EPM Principles

How to be Lucky

What is luck?  My definition of Luck is the occurrence of an event that is generally unlikely.  Luck is not a miracle, it is not the occurrence of the impossible.  It is merely the happening of something with (much) less than 50% probability of occurrence.  From this probabilistic context, Luck can be influenced, encouraged, perhaps even manufactured.  

Case in point – it is unlikely that any individual startup will be successful.  Maybe 9 out of 10 fail in the first few years.  It is also unlikely that a startup will be acquired by a major company.  However the odds of being successful and being acquired by a market leading company can be greatly increased if you focus on building something which solves a problem and/or increases convenience for a target customer.  

This was the case for AuthenTec.  A startup which was very nearly part of the 90+% of companies that crash and burn.  A startup which found some degree of success but was very nearly killed by the resulting avalanche of customer requests.  However, what helped AuthenTec get lucky (and indeed they were very lucky), was a focus on solving a real problem and offering a real increase in convenience.  Solving real problems and increasing conveniences – two of the foundations for developing a successful product.  The leadership of AuthenTec continued to focus on these two aspects, despite numerous headwinds to change directions, and from that, they were able to prove that they could create a solution which might, just maybe, meet the demanding standards and requirements of Apple.  For that effort, AuthenTec was acquired by Apple, and their technology went on to become TouchID, a fundamental feature of Apple products for many years, and the tipping point for biometric technology to be adopted en-masse by other consumer electronics companies.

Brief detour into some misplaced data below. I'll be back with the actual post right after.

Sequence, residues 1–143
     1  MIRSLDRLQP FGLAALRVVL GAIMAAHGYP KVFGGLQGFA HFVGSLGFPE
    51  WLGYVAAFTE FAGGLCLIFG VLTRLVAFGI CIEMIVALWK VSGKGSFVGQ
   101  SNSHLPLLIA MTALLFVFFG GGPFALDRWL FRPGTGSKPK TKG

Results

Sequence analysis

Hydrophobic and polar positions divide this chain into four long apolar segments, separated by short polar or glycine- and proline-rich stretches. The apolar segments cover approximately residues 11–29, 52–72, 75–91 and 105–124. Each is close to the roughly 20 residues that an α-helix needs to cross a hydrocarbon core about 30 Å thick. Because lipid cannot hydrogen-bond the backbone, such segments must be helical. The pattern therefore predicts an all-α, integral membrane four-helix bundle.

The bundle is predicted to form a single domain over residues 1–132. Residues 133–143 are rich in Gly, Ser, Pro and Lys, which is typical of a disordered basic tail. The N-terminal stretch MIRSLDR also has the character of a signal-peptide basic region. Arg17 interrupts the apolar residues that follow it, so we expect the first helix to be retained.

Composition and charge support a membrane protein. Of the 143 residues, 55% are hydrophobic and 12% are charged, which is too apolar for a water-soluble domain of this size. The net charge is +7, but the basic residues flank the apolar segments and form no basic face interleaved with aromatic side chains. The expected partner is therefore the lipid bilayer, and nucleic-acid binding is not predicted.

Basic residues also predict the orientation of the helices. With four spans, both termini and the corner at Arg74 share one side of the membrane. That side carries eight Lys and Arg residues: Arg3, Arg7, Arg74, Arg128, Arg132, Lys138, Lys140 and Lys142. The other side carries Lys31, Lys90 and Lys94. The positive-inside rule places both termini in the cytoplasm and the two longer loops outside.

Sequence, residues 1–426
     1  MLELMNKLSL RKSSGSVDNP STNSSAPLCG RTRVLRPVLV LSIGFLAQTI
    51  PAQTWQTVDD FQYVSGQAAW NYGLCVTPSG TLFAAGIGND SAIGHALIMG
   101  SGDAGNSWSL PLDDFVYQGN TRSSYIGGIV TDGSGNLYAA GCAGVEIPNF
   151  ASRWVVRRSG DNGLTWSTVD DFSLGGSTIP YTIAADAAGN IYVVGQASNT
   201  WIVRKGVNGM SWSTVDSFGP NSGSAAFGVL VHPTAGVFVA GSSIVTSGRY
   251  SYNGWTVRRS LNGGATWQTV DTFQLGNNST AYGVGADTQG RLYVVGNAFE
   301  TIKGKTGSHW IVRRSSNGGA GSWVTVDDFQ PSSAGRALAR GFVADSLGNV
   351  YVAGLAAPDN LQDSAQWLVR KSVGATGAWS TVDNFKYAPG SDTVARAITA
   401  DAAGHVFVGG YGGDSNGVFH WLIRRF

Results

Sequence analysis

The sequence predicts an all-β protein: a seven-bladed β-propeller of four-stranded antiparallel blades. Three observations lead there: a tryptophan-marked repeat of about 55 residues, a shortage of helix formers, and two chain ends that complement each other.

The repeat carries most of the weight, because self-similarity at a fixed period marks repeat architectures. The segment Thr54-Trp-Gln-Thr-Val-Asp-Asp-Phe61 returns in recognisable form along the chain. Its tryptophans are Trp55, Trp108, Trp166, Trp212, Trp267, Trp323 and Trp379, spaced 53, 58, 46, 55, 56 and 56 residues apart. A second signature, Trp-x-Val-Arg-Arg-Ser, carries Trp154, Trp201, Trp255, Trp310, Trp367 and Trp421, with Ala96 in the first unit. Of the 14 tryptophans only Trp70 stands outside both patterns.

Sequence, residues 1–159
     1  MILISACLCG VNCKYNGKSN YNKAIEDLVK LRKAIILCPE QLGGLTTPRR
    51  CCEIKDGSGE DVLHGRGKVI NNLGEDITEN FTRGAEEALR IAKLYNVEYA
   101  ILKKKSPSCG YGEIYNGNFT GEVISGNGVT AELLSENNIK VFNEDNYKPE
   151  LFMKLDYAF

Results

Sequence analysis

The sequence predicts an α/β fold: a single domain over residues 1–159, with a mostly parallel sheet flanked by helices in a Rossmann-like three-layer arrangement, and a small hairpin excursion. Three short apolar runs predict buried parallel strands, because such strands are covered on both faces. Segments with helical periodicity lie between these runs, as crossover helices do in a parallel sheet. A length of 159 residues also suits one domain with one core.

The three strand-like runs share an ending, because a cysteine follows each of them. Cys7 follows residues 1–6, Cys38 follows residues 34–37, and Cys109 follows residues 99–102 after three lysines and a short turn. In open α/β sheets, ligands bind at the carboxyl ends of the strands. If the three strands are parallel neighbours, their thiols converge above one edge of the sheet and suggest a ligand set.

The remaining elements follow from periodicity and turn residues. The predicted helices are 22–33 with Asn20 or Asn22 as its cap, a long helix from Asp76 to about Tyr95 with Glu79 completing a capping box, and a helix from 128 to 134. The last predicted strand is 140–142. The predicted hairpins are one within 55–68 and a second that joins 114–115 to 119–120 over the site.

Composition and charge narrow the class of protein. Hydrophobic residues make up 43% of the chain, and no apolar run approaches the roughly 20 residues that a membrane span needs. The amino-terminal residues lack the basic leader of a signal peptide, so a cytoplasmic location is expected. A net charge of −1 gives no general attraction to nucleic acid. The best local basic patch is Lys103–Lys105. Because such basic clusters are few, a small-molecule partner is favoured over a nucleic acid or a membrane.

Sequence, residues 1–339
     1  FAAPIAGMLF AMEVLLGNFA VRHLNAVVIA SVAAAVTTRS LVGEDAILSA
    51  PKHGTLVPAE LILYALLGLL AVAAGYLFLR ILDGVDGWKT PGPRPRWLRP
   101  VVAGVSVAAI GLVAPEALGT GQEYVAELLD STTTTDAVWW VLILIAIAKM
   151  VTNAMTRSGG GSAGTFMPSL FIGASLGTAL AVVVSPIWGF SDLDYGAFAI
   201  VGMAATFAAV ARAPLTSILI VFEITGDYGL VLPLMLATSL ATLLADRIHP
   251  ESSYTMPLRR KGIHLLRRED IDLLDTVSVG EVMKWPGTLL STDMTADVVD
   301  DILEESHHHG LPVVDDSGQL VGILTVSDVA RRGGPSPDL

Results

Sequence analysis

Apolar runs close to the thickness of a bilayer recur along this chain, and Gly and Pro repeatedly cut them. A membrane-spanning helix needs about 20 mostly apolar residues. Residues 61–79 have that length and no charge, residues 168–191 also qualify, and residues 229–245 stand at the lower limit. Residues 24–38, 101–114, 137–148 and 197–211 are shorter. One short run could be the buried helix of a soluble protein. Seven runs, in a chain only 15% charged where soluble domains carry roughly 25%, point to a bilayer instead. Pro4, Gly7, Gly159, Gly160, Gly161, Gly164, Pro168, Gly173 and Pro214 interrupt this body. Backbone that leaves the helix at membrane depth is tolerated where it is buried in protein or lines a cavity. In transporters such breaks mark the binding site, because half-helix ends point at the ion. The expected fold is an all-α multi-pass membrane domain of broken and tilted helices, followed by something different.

Thus, if you want to ‘Get Lucky’, identify the requirements for that lucky scenario and then put in regular, diligent, and focused work towards achieving those requirements.

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